Activists force FW De Klerk off US discussion
Johannesburg - South African and American activists have managed to stop former apartheid president FW de Klerk from addressing a US gathering.
De Klerk, who was the country's president between 1989 and 1994 and briefly served as deputy president in the government of national unity under former President Nelson Mandela, was invited to participate in one of a series of interviews that Jonathan Granoff, the President of the Global Security Institute, is conducting with the American Bar Association (ABA).
The conversation was to be about “rule of law, constitutional democracy, minority rights, social change, racism and global security".
Activists, however, learnt of the invite and raised objections.
Among those who objected was Lukhanyo Calata, a journalist who is the son of former freedom fighter Fort Calata of the Cradock Four, who were assassinated in 1985.
Others who reportedly objected included advocate Dumisa Ntsebeza, who was a commissioner for the Truth and Reconciliation Commission.
Calata said he was over the moon that ABA listened to the volley of objections.
“We are of course ecstatic that we were able to influence the decision of the association. We hope also that other organisations around the world will follow the example of the ABA and reconsider their decisions to have De Klerk address them on issues about rule of law and constitutionalism,” he said.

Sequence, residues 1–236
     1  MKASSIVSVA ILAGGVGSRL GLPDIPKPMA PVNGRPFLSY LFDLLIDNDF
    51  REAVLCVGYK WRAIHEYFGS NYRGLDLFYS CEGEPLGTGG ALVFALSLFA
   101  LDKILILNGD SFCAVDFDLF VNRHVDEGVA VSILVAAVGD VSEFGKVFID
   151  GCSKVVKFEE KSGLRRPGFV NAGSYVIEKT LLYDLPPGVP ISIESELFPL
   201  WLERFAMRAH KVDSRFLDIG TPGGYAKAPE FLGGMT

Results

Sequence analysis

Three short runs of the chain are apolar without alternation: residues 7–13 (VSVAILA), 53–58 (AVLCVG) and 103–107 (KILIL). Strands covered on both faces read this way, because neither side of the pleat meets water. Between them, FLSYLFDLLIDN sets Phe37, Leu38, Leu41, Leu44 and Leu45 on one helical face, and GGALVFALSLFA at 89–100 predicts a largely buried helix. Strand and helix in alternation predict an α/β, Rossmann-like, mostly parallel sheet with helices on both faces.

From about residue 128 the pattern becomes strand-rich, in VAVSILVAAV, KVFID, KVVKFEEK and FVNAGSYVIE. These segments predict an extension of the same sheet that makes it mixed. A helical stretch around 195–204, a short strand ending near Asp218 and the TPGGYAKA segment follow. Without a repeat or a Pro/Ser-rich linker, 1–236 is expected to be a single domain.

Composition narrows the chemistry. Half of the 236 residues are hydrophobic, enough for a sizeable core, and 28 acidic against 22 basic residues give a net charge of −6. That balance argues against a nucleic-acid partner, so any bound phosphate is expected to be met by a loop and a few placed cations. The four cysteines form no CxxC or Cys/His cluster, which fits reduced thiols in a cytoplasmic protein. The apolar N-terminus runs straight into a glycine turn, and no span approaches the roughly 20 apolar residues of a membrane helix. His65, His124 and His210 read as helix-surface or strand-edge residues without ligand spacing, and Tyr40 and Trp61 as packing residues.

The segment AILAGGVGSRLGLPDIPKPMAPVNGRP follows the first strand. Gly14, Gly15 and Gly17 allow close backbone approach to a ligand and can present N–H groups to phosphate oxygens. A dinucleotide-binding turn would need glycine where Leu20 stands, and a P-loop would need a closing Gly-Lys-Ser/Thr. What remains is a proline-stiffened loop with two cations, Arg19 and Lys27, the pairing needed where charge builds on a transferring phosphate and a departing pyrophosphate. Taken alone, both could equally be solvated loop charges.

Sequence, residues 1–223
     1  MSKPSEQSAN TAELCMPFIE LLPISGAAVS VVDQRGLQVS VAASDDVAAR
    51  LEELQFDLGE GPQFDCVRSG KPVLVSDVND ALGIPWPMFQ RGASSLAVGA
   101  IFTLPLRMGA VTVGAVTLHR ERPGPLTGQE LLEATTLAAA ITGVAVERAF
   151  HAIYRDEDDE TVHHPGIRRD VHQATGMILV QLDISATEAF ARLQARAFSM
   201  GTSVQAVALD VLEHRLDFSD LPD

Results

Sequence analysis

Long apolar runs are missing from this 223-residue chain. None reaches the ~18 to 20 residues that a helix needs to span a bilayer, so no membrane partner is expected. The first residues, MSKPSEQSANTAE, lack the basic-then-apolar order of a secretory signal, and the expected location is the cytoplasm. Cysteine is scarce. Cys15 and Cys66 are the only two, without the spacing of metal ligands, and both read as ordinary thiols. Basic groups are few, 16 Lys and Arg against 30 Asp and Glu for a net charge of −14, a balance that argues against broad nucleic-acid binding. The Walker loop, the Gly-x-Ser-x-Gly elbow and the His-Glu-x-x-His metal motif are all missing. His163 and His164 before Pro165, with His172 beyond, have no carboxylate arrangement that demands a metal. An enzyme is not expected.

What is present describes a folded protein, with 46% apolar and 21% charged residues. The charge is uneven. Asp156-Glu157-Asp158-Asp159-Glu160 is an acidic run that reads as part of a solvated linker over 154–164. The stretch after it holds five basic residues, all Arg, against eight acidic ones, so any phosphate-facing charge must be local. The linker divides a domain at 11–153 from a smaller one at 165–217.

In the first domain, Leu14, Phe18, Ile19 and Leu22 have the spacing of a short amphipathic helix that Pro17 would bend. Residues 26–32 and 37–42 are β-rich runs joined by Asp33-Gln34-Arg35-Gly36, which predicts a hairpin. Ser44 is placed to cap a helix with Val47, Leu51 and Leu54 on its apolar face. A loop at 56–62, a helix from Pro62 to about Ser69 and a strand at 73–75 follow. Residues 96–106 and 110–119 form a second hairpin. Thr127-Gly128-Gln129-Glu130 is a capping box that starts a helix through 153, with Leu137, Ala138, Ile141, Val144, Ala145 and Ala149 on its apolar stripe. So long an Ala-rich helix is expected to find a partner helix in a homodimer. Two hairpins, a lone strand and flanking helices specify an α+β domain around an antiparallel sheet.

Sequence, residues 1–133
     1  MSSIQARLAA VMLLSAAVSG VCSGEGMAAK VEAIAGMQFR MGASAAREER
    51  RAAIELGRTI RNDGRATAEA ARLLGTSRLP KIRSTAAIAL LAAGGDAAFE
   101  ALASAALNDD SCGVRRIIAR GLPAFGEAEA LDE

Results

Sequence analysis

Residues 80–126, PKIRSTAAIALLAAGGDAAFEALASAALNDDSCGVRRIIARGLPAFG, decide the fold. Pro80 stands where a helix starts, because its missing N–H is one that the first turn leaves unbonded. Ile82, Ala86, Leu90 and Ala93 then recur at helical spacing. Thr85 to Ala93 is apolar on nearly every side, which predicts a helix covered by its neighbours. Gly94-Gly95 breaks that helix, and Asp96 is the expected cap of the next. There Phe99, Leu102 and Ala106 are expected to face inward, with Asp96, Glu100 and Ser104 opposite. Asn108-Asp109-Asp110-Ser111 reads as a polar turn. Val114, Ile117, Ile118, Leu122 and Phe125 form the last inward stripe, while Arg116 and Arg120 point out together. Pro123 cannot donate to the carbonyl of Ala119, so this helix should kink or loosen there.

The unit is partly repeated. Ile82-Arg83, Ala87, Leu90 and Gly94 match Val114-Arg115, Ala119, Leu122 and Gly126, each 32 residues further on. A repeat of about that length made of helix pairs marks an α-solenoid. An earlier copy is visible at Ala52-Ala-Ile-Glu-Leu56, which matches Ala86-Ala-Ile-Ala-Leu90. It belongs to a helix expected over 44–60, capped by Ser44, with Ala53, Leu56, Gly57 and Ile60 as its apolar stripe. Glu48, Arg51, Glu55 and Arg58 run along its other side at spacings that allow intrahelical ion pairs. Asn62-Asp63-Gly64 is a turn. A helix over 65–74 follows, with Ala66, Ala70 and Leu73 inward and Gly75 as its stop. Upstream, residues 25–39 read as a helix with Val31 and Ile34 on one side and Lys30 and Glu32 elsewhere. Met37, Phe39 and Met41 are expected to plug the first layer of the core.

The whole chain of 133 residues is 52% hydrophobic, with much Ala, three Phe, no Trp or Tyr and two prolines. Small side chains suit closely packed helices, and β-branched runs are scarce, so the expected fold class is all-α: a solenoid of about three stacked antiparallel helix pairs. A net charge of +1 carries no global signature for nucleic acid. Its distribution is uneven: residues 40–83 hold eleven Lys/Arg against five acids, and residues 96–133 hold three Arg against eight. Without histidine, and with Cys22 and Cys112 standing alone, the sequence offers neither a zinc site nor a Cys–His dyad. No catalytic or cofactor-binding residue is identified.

Calata added that De Klerk has a case to answer for his alleged role in the crimes of the apartheid government.
“It is critical that De Klerk and all other apartheid criminals are hauled to court soonest to be held accountable.
"The ANC government's failure to hold them accountable has emboldened them to a point where they even denied that apartheid was a crime,” he said.
The FW de Klerk Foundation said allegations that he had played a role in apartheid crimes were baseless.
“These activists have once again made outrageous and unfounded allegations against Mr De Klerk. The role that FW de Klerk played in initiating and co-directing South Africa's transition to non-racial democracy is a matter of historic fact - and was confirmed by Nelson Mandela,” the statement read.
Additionally, it said the leader, who was in February forced to retract statements that apartheid was not a crime against humanity, never violated any human rights while he was in power.